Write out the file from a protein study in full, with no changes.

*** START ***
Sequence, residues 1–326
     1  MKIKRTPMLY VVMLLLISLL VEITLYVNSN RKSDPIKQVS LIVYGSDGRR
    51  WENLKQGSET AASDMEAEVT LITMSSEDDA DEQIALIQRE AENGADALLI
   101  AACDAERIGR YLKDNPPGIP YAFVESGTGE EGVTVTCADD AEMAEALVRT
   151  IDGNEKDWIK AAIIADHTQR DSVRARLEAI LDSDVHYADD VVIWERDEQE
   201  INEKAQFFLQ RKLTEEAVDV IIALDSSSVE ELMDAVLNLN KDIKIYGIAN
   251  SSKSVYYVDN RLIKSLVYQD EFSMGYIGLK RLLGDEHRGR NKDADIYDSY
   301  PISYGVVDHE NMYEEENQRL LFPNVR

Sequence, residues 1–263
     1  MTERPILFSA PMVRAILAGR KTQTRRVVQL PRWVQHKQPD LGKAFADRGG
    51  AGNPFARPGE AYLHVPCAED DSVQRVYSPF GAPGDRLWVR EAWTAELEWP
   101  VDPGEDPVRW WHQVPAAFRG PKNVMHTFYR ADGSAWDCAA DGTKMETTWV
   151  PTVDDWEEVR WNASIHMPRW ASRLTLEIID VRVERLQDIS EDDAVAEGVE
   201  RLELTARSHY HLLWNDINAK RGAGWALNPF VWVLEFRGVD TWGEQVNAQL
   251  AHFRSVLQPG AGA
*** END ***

Sequence, residues 1–326
     1  MKIKRTPMLY VVMLLLISLL VEITLYVNSN RKSDPIKQVS LIVYGSDGRR
    51  WENLKQGSET AASDMEAEVT LITMSSEDDA DEQIALIQRE AENGADALLI
   101  AACDAERIGR YLKDNPPGIP YAFVESGTGE EGVTVTCADD AEMAEALVRT
   151  IDGNEKDWIK AAIIADHTQR DSVRARLEAI LDSDVHYADD VVIWERDEQE
   201  INEKAQFFLQ RKLTEEAVDV IIALDSSSVE ELMDAVLNLN KDIKIYGIAN
   251  SSKSVYYVDN RLIKSLVYQD EFSMGYIGLK RLLGDEHRGR NKDADIYDSY
   301  PISYGVVDHE NMYEEENQRL LFPNVR

Sequence, residues 1–263
     1  MTERPILFSA PMVRAILAGR KTQTRRVVQL PRWVQHKQPD LGKAFADRGG
    51  AGNPFARPGE AYLHVPCAED DSVQRVYSPF GAPGDRLWVR EAWTAELEWP
   101  VDPGEDPVRW WHQVPAAFRG PKNVMHTFYR ADGSAWDCAA DGTKMETTWV
   151  PTVDDWEEVR WNASIHMPRW ASRLTLEIID VRVERLQDIS EDDAVAEGVE
   201  RLELTARSHY HLLWNDINAK RGAGWALNPF VWVLEFRGVD TWGEQVNAQL
   251  AHFRSVLQPG AGA